In the shadow of Stonehenge, Vespasian’s brother, Sabinus, is captured by druids. The druids want to offer a potent sacrifice to their gods – not just one Roman Legate, but two. They know that Vespasian will come after his brother and they plan to sacrifice the siblings on a summer’s day. But to whom are they making this sacrifice? What were the gods of this land before the Celts came? Only the druids hold the secret and it is one of pure evil.
Vespasian must strive to save his brother whilst completing the conquest of the haunted isle, before he is drawn inexorably back to Rome and the heart of Imperial politics. Claudius’ three freedmen remain at the focus of power. As Messalina’s time as Empress comes to a bloody end, the three freedmen each back a different mistress. But which woman will be victorious? And at what price for Vespasian?

Robert Fabbri Rome's Lost Son6. Rome’s Lost Son (2015)
Rome, AD51.
Vespasian brings Rome’s greatest enemy before the Emperor. After eight years of resistance, the British warrior Caratacus, has been caught.
But even Vespasian’s victory cannot remove the newly-made Consul from Roman politics: Agrippina, Emperor Claudius’ wife, pardons Caratacus. Claudius is a drunken fool and Narcissus and Pallas, his freedmen, are battling for control of his throne.
Separately, the decide to send Vespasian east, to Armenia to defend Rome’s interests. But there is more at stake than protecting a client kingdom. Rumours abound that Agrippina is involved in a plot to destabilise the east.
Vespasian must find a way to serve two masters – Narcissus is determined to ruin Agrippina, Pallas to save her. Meanwhile, the east is in turmoil. A new Jewish cult is flourishing and its adherents refuse to swear loyalty to the Emperor. In Armenia, Vespasian is captured. Immured in the oldest city on earth, how can he escape? And is a Rome ruled by a woman who despises Vespasian any safer than a prison cell?

the-furies-of-rome-robert-fabbri7. The Furies of Rome (2016)
AD58.
Rome is in turmoil once more.
Emperor Nero has surrounded himself with sycophants and together they rampage throughout the city, visiting death and destruction as they go.
Meanwhile, Nero’s extravagance has reached new heights. The Emperor’s spending is becoming profligate at the same time as the demands of keeping the provinces subdued have become increasingly unaffordable.
Could Nero withdraw from Britannia and at what price for the Empire?
As the bankers of the Empire scramble to call in their loans, Vespasian is sent to Londinium on a secret mission, only to become embroiled in a deadly rebellion led by Boudicca, a female warrior of extraordinary bravery. As the uprising gathers pace, Vespasian must fight to stay ahead of Rome’s enemies and complete his task – before all of Britannia burns.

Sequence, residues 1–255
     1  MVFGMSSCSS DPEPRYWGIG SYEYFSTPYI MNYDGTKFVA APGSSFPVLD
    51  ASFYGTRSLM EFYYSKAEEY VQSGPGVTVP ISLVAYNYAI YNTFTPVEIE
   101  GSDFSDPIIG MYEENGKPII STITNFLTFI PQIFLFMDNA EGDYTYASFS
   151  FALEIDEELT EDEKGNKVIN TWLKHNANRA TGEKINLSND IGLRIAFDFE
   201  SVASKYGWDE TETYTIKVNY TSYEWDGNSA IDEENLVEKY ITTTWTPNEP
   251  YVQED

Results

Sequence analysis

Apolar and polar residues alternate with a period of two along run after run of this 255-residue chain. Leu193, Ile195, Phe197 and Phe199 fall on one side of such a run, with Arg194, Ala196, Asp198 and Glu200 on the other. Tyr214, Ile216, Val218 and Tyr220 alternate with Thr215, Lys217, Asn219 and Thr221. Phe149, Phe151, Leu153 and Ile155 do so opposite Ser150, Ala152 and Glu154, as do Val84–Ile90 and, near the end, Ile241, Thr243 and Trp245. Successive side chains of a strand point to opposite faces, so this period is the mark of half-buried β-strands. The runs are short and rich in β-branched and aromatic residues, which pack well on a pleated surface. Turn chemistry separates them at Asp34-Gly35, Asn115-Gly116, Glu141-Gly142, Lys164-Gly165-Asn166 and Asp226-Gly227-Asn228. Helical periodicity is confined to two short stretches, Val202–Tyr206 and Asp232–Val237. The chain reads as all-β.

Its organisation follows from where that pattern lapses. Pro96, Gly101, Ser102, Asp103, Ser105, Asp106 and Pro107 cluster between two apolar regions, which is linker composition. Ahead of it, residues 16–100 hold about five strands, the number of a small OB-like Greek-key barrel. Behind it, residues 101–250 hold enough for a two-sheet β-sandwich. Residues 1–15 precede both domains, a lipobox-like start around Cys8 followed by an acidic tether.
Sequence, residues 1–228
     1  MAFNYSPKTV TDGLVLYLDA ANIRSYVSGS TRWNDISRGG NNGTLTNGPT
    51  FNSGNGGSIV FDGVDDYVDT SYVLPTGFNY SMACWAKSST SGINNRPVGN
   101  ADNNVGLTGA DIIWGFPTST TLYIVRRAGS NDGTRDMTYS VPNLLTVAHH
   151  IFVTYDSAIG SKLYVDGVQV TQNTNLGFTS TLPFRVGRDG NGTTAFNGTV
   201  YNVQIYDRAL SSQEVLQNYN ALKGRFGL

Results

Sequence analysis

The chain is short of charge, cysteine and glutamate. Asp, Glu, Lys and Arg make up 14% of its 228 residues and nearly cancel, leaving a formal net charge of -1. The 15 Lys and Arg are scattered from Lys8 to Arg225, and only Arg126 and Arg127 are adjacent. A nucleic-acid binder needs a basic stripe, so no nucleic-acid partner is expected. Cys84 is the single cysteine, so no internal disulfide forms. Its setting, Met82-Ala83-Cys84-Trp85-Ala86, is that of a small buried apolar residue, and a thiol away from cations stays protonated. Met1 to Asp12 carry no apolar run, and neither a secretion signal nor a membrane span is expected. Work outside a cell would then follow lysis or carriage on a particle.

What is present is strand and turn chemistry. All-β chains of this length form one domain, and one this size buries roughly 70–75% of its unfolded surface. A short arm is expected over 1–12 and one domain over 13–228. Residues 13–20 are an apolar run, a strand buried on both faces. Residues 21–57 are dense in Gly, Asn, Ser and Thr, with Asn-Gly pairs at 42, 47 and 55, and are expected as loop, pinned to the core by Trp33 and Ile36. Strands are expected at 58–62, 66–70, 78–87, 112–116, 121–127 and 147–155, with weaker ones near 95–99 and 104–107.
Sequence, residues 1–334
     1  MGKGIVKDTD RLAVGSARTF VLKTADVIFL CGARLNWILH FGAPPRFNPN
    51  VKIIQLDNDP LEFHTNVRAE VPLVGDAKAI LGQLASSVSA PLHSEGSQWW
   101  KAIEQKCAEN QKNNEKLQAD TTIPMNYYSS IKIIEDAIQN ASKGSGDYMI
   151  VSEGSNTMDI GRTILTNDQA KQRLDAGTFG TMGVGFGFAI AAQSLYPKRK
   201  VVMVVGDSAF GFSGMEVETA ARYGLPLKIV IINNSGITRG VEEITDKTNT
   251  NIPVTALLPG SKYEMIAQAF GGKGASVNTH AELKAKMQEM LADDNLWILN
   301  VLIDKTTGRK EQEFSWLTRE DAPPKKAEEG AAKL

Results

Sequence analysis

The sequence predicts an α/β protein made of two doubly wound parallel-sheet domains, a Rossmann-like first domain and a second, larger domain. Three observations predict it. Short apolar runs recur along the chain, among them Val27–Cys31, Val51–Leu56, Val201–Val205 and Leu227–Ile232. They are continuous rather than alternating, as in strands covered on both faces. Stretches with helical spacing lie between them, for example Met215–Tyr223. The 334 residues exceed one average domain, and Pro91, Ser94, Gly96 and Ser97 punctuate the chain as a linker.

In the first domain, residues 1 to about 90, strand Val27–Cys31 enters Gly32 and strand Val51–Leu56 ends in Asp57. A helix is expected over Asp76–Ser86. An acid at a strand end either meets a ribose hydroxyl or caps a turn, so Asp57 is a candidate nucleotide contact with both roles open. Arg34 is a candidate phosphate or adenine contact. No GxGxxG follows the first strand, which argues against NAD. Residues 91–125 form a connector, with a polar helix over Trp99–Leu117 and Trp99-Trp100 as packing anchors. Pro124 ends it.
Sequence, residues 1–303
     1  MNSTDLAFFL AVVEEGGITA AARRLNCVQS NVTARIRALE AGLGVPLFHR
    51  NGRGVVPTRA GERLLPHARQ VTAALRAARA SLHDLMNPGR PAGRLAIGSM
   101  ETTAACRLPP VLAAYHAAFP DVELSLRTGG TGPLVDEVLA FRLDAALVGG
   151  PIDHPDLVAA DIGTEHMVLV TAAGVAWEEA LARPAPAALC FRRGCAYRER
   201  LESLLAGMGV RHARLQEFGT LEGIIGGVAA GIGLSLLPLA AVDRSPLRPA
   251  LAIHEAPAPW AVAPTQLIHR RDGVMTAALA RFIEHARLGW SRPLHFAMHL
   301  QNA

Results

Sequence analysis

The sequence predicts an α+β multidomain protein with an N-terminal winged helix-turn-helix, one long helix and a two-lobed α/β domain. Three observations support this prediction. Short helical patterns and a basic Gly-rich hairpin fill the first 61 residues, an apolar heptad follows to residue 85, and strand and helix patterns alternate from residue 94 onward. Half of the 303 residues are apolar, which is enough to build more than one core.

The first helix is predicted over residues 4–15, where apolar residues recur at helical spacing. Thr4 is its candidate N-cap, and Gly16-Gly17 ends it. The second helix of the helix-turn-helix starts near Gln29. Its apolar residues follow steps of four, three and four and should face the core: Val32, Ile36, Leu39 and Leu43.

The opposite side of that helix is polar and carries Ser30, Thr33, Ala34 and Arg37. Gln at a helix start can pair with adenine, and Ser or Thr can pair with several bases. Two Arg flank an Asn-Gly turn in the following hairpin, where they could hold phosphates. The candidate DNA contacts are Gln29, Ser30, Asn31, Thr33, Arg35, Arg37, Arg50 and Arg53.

Robert Fabbri Rome's Sacred Flame8. Rome’s Sacred Flame (2018)
Rome, AD63.
Vespasian has been made Governor of Africa. Nero, Rome’s increasingly unpredictable Emperor, orders him to journey with his most trusted men to a far-flung empire in Africa to free 200 Roman citizens who have been enslaved by a desert kingdom.
Vespasian arrives at the city to negotiate their emancipation, hoping to return to Roma a hero and find himself back in favour with Nero. But when Vespasian reaches the city, he discovers a slave population on the edge of revolt. With no army to keep the population in check, it isn’t long before tensions spill over into bloody chaos.
Vespasian must escape the city with all 200 Roman citizens and make their way across a barren desert, battling thirst and exhaustion, with a hoard of rebels at their backs. It’s a desperate race for survival, with twists and turns aplenty.
Meanwhile, back in Rome, Nero’s extravagance goes unchecked. All of Rome’s elite fear for their lives as Nero’s closest allies run amok. Can anyone stop the Emperor before Rome devours irself? And if Nero is to be toppled, who will be the one to put his head in the lion’s mouth?

Robert Fabbri Emperor of Rome9. Emperor of Rome (2019)
Vespasian is tasked with the impossible. Should he quell the revolt in Judea, as Nero the emperor has instructed, or must he resort to the unthinkable and sabotage his own campaign? If his conquest succeeds, he risks becoming the sole object of the Emperor’s jealousy. If he fails, then his punishment will be severe. The fate of his men and his beloved son, Titus, all hang in the balance.
But unknown to Vespasian, Nero has committed suicide, catapulting Rome into political turmoil. Sabinus, Vespasian’s brother, is caught between the warring factions of Aulus Vitellius, a cruel opportunist and the noble Marcus Salvius Otho, who finds himself severely outnumbered.
With a contested throne and an army at his disposal, now may finally be Vespasian’s time to ascend, to conquer, to achieve what countless prophecies have foretold and take control of Rome itself. Will Vespasian at long last be the one to wear the purple?